ICE Finally Gets The Nationwide License Plate Database It’s Spent Years Asking For

ICE is finally getting that nationwide license plate reader database it’s been lusting after for several years. The DHS announced plans for a nationwide database in 2014, but decided to rein that idea in after a bit of backlash. The post-Snowden political climate made many domestic mass surveillance plans untenable, if not completely unpalatable.

Times have changed. The new team in the White House doesn’t care how much domestic surveillance it engages in as long as it might aid in rooting out foreign immigrants. The first move was the DHS’s updated Privacy Impact Assessment on license plate readers — delivered late last year — which came to the conclusion that any privacy violations were minimal compared to the national security net benefits.

The last step has been finalized, as Russell Brandom reports for The Verge.

The Immigration and Customs Enforcement (ICE) agency has officially gained agency-wide access to a nationwide license plate recognition database, according to a contract finalized earlier this month. The system gives the agency access to billions of license plate records and new powers of real-time location tracking, raising significant concerns from civil libertarians.

For those counting tax beans, the good news is this database won’t cost much. Billions of license plate records have already been collected (and continue to be collected). All the winning contractor has to do is hook ICE up to the firehose.

The source of the data is not named in the contract, but an ICE representative said the data came from Vigilant Solutions, the leading network for license plate recognition data. “Like most other law enforcement agencies, ICE uses information obtained from license plate readers as one tool in support of its investigations,” spokesperson Dani Bennett said in a statement. “ICE is not seeking to build a license plate reader database, and will not collect nor contribute any data to a national public or private database through this contract.”

Nice use of wiggle words to minimize ICE’s new surveillance power. ICE won’t “build” a database. Great, but it doesn’t need to. Vigilant has been collecting records for years via private companies and partnerships with law enforcement agencies. Around two billion plate/location records are already stored by Vigilant, presumably indefinitely. According to the Verge report, ICE will have access to at least five years of records for historical searches.

But ICE won’t be just be diving into Vigilant’s plate record archives. ICE will also be able to hand Vigilant “hot lists” for automatic notification any time the nation’s many ALPR cameras capture a shot of targeted license plates.

ICE agents can also receive instantaneous email alerts whenever a new record of a particular plate is found — a system known internally as a “hot list.” (The same alerts can also be funneled to the Vigilant’s iOS app.) According to the privacy assessment, as many as 2,500 license plates could be uploaded to the hot list in a single batch, although the assessment does not detail how often new batches can be added.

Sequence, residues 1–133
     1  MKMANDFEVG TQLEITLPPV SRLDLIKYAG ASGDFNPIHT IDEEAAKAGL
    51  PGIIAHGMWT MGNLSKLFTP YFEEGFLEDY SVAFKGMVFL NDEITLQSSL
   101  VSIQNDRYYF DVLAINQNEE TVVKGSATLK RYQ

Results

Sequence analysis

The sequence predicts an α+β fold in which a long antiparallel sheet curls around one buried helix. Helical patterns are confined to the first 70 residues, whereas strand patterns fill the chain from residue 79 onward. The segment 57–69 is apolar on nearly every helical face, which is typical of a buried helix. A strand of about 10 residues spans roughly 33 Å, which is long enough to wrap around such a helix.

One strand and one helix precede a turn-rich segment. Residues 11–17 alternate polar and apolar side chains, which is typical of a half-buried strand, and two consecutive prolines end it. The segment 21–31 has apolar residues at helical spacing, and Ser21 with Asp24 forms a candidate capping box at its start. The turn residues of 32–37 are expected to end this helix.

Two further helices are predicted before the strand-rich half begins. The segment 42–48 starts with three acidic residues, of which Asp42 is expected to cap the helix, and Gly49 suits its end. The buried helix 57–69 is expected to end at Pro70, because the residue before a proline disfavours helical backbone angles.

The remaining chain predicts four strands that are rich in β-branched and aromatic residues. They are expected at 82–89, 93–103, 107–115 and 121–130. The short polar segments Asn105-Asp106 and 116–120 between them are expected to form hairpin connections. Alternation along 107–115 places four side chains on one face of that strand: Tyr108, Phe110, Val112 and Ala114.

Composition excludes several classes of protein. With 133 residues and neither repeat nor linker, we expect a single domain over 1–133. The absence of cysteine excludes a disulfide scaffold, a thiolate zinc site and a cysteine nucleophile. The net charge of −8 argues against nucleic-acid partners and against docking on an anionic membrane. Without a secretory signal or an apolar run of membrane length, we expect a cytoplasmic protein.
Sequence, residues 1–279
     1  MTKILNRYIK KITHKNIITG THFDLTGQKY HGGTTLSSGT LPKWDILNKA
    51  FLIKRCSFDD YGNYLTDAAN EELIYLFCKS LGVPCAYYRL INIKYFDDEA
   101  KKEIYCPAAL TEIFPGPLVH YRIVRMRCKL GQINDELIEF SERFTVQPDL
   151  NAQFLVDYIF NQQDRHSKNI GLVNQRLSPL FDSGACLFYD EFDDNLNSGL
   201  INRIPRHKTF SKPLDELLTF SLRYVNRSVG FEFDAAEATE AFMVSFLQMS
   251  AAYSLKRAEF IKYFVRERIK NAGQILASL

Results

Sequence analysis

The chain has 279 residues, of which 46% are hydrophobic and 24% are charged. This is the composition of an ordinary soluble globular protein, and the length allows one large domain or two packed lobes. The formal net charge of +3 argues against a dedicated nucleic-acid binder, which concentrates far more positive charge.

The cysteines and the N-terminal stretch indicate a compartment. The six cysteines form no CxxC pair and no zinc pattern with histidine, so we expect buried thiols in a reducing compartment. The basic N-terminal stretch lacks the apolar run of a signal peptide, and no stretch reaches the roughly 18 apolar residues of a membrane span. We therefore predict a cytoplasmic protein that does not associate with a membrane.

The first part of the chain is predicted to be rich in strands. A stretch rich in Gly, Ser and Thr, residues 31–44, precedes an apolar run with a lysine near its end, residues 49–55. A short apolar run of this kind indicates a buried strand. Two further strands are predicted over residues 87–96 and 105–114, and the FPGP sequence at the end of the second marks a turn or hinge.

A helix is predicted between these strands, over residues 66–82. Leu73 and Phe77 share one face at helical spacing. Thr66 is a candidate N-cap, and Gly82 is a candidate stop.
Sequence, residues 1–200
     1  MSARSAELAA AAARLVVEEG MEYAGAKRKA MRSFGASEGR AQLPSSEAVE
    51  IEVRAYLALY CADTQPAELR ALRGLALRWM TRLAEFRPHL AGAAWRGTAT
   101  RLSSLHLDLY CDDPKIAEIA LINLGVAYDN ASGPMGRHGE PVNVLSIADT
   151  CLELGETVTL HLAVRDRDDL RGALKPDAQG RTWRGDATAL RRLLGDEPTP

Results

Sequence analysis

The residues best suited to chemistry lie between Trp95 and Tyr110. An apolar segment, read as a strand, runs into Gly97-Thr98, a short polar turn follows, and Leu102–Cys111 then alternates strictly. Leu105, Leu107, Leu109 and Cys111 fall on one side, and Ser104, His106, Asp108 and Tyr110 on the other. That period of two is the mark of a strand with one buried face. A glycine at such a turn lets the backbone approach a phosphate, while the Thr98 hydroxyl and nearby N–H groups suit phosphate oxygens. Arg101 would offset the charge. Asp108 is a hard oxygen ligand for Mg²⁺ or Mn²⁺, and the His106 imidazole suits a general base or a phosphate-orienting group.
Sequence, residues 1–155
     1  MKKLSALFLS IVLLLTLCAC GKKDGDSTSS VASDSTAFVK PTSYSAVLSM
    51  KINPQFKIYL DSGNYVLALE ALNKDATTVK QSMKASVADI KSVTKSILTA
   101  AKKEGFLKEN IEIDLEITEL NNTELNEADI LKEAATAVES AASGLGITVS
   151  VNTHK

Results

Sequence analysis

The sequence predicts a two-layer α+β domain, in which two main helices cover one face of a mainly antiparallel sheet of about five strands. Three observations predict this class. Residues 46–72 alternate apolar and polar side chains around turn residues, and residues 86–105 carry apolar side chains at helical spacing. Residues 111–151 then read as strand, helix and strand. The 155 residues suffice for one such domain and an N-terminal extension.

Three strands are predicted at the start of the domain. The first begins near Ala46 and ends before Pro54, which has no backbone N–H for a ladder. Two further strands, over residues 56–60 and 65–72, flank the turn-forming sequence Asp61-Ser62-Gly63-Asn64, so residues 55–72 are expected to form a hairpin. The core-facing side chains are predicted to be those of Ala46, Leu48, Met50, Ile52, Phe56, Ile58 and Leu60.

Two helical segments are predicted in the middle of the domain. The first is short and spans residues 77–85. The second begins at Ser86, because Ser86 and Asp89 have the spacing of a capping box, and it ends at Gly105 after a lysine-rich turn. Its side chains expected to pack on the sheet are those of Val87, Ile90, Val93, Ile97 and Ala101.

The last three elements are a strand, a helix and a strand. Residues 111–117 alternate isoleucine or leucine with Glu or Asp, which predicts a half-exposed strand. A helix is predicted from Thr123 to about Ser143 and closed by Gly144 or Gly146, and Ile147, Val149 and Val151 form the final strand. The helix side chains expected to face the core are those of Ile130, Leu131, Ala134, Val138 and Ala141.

According to the report, ICE first tried out Vigilant’s system in 2012. It hoped to go live in 2014, but the Snowden documents chilled enthusiasm for mass surveillance temporarily. Now, the system is ready to roll, pre-stocked with a couple billion plate records for ICE to peruse as it expands its enforcement activities past the deportation of foreign criminals.

There are few nods to privacy, but they’re mostly useless. ICE owns it own ALPR cameras but those won’t feed into this database, which means other law enforcement agencies won’t have access to ICE-generated plate records. Hot lists aren’t forever. They’ll expire after a year. And there will be audit trails for ICE agents who use the system, although it remains to be seen how serious ICE is about punishing misuse of this authority.

There’s not much that citizens can do to keep their inland plates from becoming part of ICE’s border enforcement activity. Most states require visible, legible license plates at all times, even when parked at homes or private businesses. One state, however, is doing something about that. California legislators recently offered up a bill that would provide a little pocket of privacy for citizens and their vehicles.

S.B. 712 would allow drivers to apply a removable cover to their license plates when they are lawfully parked, similar to how drivers are currently allowed to cover their entire vehicles with a tarp to protect their paint jobs from elements. While this would not prevent ALPRs from collecting data from moving vehicles, it would offer privacy for those who want to protect the confidentiality of their destinations.

Unfortunately, this legislation has struggled to find enough support to get it to the governor’s desk. As the EFF reports, state senators who have stated support for pushing back against the White House’s anti-immigrant policies failed to show support for a bill that would have slowed ICE’s acquisition of plate records from their state. The initial vote, however, took place before the Verge broke the story of ICE’s partnership with Vigilant Systems. Things could change on January 31’s vote, now that new information has come to light.

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